Speaking of horror, NPR's Fresh Air did a piece yesterday on Jason Zinoman's new book about modern horror influenced by a handful of filmmakers. Of course, Carpenter and HALLOWEEN were mentioned, but it was interesting to hear Bogdanovich's TARGETS getting more time in the sun -- it's how they opened the piece.


That's probably because TARGETS is better than HALLOWEEN or TEXAS CHAINSAW MASSACRE or any of them. And I love all those movies. But TARGETS is a really, really special film, as far as I'm concerned.


Just want to concur on the merits of TARGETS, and add that it is incredibly fucking creepy.



When you eventually get around to reviewing the final Harry Potter installment, please consider posting a picture of, say, Maggie Smith, as opposed to Miss Emma Watson. For only then could we avoid the altogether predictable "LOOOOOOK AT HER!! YEP YEP YEP..." response from Lex, on account of Smith being far outside his age range (what is it, 16 to 24?) for female "hotness". Perhaps he'll just stick to a thoughtful analysis under such conditions.

At any rate, it might be a nice change of pace.


JC: Aside from leading with "LOOOOOOK AT HER," etc., Lex's first post above is a rather lengthy, on-point consideration of THE WARD and Carpenter, which I would say qualifies as "thoughtful analysis."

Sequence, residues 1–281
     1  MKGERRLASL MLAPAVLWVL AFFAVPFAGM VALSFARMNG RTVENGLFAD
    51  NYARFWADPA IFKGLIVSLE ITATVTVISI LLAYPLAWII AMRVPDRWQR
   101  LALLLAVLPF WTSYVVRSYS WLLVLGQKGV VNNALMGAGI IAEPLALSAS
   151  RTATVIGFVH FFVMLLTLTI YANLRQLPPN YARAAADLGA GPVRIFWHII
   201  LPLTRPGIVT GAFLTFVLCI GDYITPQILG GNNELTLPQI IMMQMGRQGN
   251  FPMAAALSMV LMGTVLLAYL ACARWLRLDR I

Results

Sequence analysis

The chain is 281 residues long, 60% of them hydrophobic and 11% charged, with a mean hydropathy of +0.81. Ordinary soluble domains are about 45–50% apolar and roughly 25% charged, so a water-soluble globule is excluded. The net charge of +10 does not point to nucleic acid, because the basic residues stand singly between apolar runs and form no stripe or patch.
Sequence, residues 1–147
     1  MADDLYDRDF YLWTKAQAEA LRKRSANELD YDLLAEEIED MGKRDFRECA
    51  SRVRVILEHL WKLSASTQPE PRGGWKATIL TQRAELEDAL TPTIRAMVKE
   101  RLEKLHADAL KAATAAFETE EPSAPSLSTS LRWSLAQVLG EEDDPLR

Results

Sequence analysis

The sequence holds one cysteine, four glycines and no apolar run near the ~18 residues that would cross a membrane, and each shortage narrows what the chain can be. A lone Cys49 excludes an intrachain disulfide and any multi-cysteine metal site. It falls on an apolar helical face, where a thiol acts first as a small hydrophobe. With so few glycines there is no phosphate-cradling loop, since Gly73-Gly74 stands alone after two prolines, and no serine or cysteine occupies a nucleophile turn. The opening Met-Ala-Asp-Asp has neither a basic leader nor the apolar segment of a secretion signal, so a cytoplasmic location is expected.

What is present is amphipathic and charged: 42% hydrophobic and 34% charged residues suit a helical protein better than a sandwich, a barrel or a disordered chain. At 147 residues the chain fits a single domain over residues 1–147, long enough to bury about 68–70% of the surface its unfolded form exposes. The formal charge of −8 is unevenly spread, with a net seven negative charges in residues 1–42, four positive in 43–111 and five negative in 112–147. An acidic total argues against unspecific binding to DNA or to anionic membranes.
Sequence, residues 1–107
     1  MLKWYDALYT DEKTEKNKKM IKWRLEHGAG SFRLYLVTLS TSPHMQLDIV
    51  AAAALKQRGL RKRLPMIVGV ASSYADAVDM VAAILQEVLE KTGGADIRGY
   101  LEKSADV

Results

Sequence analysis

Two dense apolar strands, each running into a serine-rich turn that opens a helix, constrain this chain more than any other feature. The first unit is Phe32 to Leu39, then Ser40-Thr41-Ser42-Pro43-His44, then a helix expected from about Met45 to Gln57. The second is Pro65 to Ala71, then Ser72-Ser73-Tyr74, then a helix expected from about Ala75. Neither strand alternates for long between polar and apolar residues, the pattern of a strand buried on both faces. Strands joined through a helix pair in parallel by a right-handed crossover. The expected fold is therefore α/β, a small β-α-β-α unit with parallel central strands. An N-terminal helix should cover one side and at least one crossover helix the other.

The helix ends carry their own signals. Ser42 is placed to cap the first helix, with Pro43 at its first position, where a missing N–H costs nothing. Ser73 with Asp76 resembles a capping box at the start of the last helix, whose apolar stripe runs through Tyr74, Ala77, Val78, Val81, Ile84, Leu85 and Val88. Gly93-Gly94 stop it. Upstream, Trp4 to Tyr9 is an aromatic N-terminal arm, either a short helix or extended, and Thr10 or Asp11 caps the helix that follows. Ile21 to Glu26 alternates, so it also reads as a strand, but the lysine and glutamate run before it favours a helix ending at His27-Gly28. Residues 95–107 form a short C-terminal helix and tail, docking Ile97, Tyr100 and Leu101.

Is pre-emptive Lex bashing considered "a nice change of pace"?

Now we're OT, and I guess I'm not helping. Sorry, Glenn.

Chris O.

@bill & BB: Agreed, but you don't expect it to be one of the first mentioned in typical "what influenced the modern horror film" pieces. But why not? I was pleasantly surprised to see it get some props.


jbryant -

Oh, I fully agree about the majority of Lex's post...but as stated, if we remove the opportunity for him to oogle the latest starlet, we get to quality stuff right away, minus the tedious lead-in.

Cheers. :)


Above and beyond Lex's actual words, might his entire post constitute a metaphor, run in reverse, for Carpenter's decline in both quality and quantity? ;-)


Just saw this last night at the Empire 25 (*shudder*). Besides the fact that it appears to have been photographed in digital and edited after the current, jumpy fashion - scenes don't so much end as get skipped over - it sure felt like Carpenter to me. I thoroughly enjoyed it.


edo: FWIW, imdb says THE WARD was shot in 35.


The Empire 25 is awful, isn't it?


I am willing to bet money IMDB lies...


Yeah, I always take 'em with a grain of salt. But I will say if they're wrong about this one, at least they're wrong in great detail:

Moviecam Compact MK2, Zeiss Ultra Prime Lenses

Alpha Cine Labs, Seattle (WA), USA (film processing)

Film negative format (mm/video inches)
35 mm

Cinematographic process
Digital Intermediate (2K) (master format)
Super 35 (3-perf) (source format)

Printed film format
35 mm (anamorphic)

Aspect ratio
2.35 : 1


Well, looks like Alpha Cine's own site confirms it. I'm a bit ashamed of myself. Thought I could tell the difference better than that! : ) (maybe those guys went a little overboard on the intermediate...)

I hope I get a chance to see it in a 35mm print then, because the 4K DCP that Empire showed didn't look so hot.


Interesting that Carpenter has finally been forced to forego anamorphic lenses and shoot a 2.35 film in Super 35.

The Fanciful Norwegian

Hilariously, the UK video release was pushed back from May to October because Warner Bros. mistakenly did the transfer at 1.78:1. Probably wouldn't have happened if Carpenter had been allowed to shoot anamorphic...